In Andhra Pradesh, most attacks follow stories on illegal mining, usually where those in power are involved.

Under its section “arrests and police cases against journalists,” the report said there were 13 cases of journalists being interrogated who were later let off, or arrested, or had cases registered against them.
Frontline magazine correspondent Kunal Shankar was held in January for trespassing into the University of Hyderabad and violating the High Court order (barring outsider entry) on the first death anniversary of Rohith Vemula. He was questioned and subsequently released.

In August, the Chandigarh police banned media personnel from entering Sector 26 police station which is investigating the Varnika Kundu stalking case.
ABC Four Corners, an Australian news team, was threatened by the Crime Branch of Gujarat Police in October while it was at Gujarat’s Mundra port to investigate the Adani group. It was forced to leave Gujarat and India.

On actions by legislatures, the report said, in July, the Kashmir Assembly was adjourned after the Opposition raised the issue of unprecedented regulation of the media in covering the special session on GST. The National Conference, Congress and other opposition parties said they would not be part of any proceeding in which media will be deliberately kept away.

On cases of censorship, The Hoot report recalled that in June, West Bengal chief minister Mamata Banerjee pulled up the authorities of Shri Shikshayatan, a private girl’s school in Kolkata, for playing Prime Minister Narendra Modi’s ‘Maan Ki Baat’ for students. She warned the school authorities that such initiatives do not add to knowledge and are merely political initiatives, and no child must be forced to listen to a speech against their choice.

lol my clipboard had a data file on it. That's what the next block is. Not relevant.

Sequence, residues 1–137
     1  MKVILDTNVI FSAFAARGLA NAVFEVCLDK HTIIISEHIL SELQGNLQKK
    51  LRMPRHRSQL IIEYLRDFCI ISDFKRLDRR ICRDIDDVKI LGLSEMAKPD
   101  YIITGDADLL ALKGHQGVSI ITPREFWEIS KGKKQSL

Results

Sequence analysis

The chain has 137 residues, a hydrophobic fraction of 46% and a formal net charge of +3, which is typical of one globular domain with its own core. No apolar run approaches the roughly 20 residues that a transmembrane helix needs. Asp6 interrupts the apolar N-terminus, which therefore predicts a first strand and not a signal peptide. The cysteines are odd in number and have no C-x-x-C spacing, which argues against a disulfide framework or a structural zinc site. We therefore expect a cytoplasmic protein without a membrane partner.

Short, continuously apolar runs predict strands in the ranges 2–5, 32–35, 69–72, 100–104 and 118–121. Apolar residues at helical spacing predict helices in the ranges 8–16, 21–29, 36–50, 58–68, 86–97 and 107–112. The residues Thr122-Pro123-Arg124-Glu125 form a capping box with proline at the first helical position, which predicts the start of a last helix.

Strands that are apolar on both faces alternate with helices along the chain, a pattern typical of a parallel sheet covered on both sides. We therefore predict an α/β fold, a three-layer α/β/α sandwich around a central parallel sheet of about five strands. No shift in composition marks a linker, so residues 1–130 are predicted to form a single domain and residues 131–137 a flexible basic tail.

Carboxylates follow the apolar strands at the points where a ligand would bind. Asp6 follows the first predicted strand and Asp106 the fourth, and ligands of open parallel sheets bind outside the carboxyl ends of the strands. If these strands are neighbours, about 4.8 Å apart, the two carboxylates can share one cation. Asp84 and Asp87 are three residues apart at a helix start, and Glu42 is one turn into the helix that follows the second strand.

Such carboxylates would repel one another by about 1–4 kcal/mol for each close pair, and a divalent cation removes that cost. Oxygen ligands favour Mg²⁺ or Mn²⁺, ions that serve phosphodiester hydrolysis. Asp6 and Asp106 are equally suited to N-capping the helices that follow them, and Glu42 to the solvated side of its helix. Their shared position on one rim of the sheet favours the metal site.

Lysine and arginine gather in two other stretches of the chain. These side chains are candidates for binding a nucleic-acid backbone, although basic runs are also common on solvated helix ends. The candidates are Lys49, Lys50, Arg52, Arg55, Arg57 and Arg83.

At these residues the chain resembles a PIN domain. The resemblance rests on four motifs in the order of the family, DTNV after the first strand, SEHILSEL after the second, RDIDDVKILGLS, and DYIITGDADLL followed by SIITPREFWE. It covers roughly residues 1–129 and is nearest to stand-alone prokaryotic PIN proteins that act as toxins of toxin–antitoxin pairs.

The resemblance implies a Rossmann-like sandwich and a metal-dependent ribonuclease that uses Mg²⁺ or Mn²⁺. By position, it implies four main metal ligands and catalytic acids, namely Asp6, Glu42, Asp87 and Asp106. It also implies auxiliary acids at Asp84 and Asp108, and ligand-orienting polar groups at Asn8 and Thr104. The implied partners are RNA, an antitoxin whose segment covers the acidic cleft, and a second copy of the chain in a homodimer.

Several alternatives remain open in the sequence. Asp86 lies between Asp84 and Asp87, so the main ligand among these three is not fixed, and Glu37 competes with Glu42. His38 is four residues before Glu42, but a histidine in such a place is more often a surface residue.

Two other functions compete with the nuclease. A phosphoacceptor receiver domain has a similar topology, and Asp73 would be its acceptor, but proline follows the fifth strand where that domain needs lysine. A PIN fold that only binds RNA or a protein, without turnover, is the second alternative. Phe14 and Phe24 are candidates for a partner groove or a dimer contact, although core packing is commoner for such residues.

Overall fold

The Hoot recalled cases of “news censorship” including the one on Independence Day, when Manik Sarkar, the chief minister of Tripura found Doordarshan and All India Radio refusing to broadcast the customary Independence Day address he had recorded until he reshaped it. Restricting media access became rather frequent in 2017. The list of governments is long: Goa, Kerala, West Bengal, Odisha, Jammu and Kashmir and Rajasthan. What’s more, political parties also got into the act.

In December, reporters in J&K were “barred” from covering the activities of the Government of India’s special representative Dineshwar Sharma during his maiden visit to the frontier district of Kupwara.
In its section giving state-wise account on the “climate for free speech,” The Hoot report said Kashmir notched up the worst record in India for a population chronically affected by internet shutdowns and for journalists working in difficult, conflict-ridden conditions which included attacks, police actions and threats.

Authored by Sevanti Ninan, The Hoot report recalled the internet-related cases and said Section 66A of the IT Act was “used” during the year, although it had been struck down by the Supreme Court in 2015! In 2017 there were at least 32 cases of action taken on account of internet-related offences.

The Hoot’s documentation showed that 13 arrests were made in the course of the year, in Andhra Pradesh (3), Assam (1), Karnataka (1), Madhya Pradesh 1), Rajasthan (1), Maharashtra (1) Uttar Pradesh and West Bengal (5). In other cases FIRs were lodged against multiple persons and complaints booked. In at least six cases across the country section 66A was still invoked along with other provisions of the law, the report says.